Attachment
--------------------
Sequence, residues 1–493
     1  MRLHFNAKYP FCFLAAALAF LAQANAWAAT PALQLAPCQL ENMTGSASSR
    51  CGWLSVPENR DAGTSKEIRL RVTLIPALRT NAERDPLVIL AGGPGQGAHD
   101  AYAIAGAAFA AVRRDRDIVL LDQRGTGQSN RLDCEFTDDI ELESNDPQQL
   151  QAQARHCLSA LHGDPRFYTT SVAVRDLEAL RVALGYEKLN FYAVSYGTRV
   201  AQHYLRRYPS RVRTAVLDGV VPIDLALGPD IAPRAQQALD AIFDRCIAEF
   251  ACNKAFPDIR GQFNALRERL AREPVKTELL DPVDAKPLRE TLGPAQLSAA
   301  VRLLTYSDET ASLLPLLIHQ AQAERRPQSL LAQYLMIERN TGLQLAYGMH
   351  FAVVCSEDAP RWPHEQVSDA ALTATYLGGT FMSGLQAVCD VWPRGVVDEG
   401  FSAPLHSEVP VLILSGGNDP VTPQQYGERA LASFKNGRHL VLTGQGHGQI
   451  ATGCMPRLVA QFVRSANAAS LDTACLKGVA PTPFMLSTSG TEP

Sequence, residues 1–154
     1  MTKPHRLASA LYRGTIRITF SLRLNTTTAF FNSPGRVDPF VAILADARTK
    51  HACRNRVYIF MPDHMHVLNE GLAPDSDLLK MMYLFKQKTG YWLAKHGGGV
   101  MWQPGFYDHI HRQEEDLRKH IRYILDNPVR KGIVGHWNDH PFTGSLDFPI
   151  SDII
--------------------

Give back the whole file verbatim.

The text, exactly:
Sequence, residues 1–493
     1  MRLHFNAKYP FCFLAAALAF LAQANAWAAT PALQLAPCQL ENMTGSASSR
    51  CGWLSVPENR DAGTSKEIRL RVTLIPALRT NAERDPLVIL AGGPGQGAHD
   101  AYAIAGAAFA AVRRDRDIVL LDQRGTGQSN RLDCEFTDDI ELESNDPQQL
   151  QAQARHCLSA LHGDPRFYTT SVAVRDLEAL RVALGYEKLN FYAVSYGTRV
   201  AQHYLRRYPS RVRTAVLDGV VPIDLALGPD IAPRAQQALD AIFDRCIAEF
   251  ACNKAFPDIR GQFNALRERL AREPVKTELL DPVDAKPLRE TLGPAQLSAA
   301  VRLLTYSDET ASLLPLLIHQ AQAERRPQSL LAQYLMIERN TGLQLAYGMH
   351  FAVVCSEDAP RWPHEQVSDA ALTATYLGGT FMSGLQAVCD VWPRGVVDEG
   401  FSAPLHSEVP VLILSGGNDP VTPQQYGERA LASFKNGRHL VLTGQGHGQI
   451  ATGCMPRLVA QFVRSANAAS LDTACLKGVA PTPFMLSTSG TEP

Sequence, residues 1–154
     1  MTKPHRLASA LYRGTIRITF SLRLNTTTAF FNSPGRVDPF VAILADARTK
    51  HACRNRVYIF MPDHMHVLNE GLAPDSDLLK MMYLFKQKTG YWLAKHGGGV
   101  MWQPGFYDHI HRQEEDLRKH IRYILDNPVR KGIVGHWNDH PFTGSLDFPI
   151  SDII